NEW YORK (CNN/Money) -
Economists have been jacking up their forecasts for third-quarter economic growth, and many now say it may be the strongest number in nearly four years.
The problem is that might not translate into strong jobs growth anytime soon.
Economists, on average, think gross domestic product (GDP) grew at a 5 percent rate in the quarter, according to the latest surveys by Blue Chip Economic Indicators and the Wall Street Journal. Such a rate would be pretty decent -- the fastest pace since the first quarter of 2002, in fact.
But recent reports on international trade and consumer spending have many economists looking for something even faster -- say 6 percent, or maybe even 7 percent, strength not seen since GDP grew at a 7.1 percent pace in the fourth quarter of 1999. GDP is the broadest measure of the nation's economy.
"We are looking at a growth rate somewhere in between 6.5 percent and 7 percent at this point," said Oscar Gonzalez, economist at John Hancock Financial Services in Boston. "I think it's really going to be up there."
The Commerce Department's report last week of a surprising August improvement in the international trade balance was the first report to send economists scrambling for their calculators. Since the trade gap subtracts from overall GDP, the surprise narrowing of that gap in August should help third-quarter GDP.
The department helped out again this week, when it revised upward retail sales figures for July and August. Since consumer spending makes up more than two-thirds of total GDP, the revised data had many economists more firmly convinced third-quarter GDP could be big.
"Seven percent is not an unreasonable estimate for GDP growth," said Kevin Logan, chief market economist at Dresdner Kleinwort Wasserstein. "Retail sales were strong, especially with the revisions. Consumer spending possibly grew 12 percent at an annual rate. That's really charging right along."
Inventories to slow 3Q down
The surprising decline in August business inventories reported by the Commerce Department Thursday could be a sign the third-quarter headline number will be lower than the most optimistic forecasts, since the change in inventories is a component of GDP. But economists were divided about the extent of the damage.
Lehman Brothers senior financial economist Drew Matus, for example, believes the change in inventories could shave nearly a tenth of a percentage point from the third quarter's growth rate -- but his firm is unlikely to budge from its forecast for 6 percent GDP growth in the quarter.
"Given that the risks to our forecast are probably to the upside, even if we take a tenth of a point away [due to inventories], it's probably best to leave the forecast sit [at 6 percent]," Matus said.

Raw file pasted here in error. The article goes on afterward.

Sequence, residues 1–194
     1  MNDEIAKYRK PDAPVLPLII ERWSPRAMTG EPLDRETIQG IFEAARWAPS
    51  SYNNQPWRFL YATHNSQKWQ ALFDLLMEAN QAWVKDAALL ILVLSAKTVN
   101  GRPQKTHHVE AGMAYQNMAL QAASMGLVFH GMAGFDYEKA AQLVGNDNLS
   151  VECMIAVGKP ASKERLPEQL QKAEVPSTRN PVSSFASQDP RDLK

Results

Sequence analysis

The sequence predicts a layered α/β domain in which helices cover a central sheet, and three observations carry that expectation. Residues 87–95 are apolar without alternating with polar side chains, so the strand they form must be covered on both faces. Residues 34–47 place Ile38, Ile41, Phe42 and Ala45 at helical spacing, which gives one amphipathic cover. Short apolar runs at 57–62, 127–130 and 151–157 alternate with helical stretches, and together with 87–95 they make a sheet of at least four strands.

What's more, it's possible that businesses will spend the fourth quarter rebuilding inventories depleted in the third quarter, helping to boost fourth-quarter growth.
Some economists thought recent stronger-than-expected reports of manufacturing activity in October in the New York and mid-Atlantic regions could be signs that inventory rebuilding has begun.
"We had unintentional inventory declines in the second and third quarters, which is what you would typically get in a recession," said Citigroup senior economist Steven Wieting. "I think companies will need to build $50 billion per quarter in inventories, even if the demand growth rate is just 3.5 percent."
While other economists are forecasting a steep slowdown in GDP in the fourth quarter -- growth of 4 percent or less, according to the latest Wall Street Journal poll -- Citigroup expects a 5.2 percent growth rate in the third quarter and a 5.1 percent growth rate in the fourth.
Job turnaround could be slower
Of course, the latest recession, the three-year bear market in stocks, the terror attacks, corporate scandals and two wars have made businesses understandably skittish about betting the farm on any big pick-ups in demand.
After learning to run lean and mean in the bad times, many CEOs don't yet seem to have an appetite for big inventory build-ups or hiring sprees, and probably won't develop one any time soon, many economists believe.
"Customers we talk to are saying they're going to respond to increasing demand, but they won't do anything in anticipation of increasing demand," said Sung Won Sohn, chief economist at Wells Fargo & Co. "That's why employment, inventories and manufacturing will move in positive directions, but I don't think it will be anything spectacular."
Most economists agree. They don't see the unemployment rate falling much below its current level of 6.1 percent next year, though layoffs have apparently tapered off, and jobs are beginning to grow again.
The fear, recently expressed by Federal Reserve Governor Ben Bernanke and others, is that the recovery won't feel like a recovery to many consumers, who could be confronting an anemic job market for several more months, at least.
"I don't see future hiring robust enough to alleviate a lot of concern on the part of consumers," said former Fed economist Lara Rhame, now senior economist at Brown Brothers Harriman. "We've stopped shedding jobs, but over the next two quarters, we won't see very much job growth."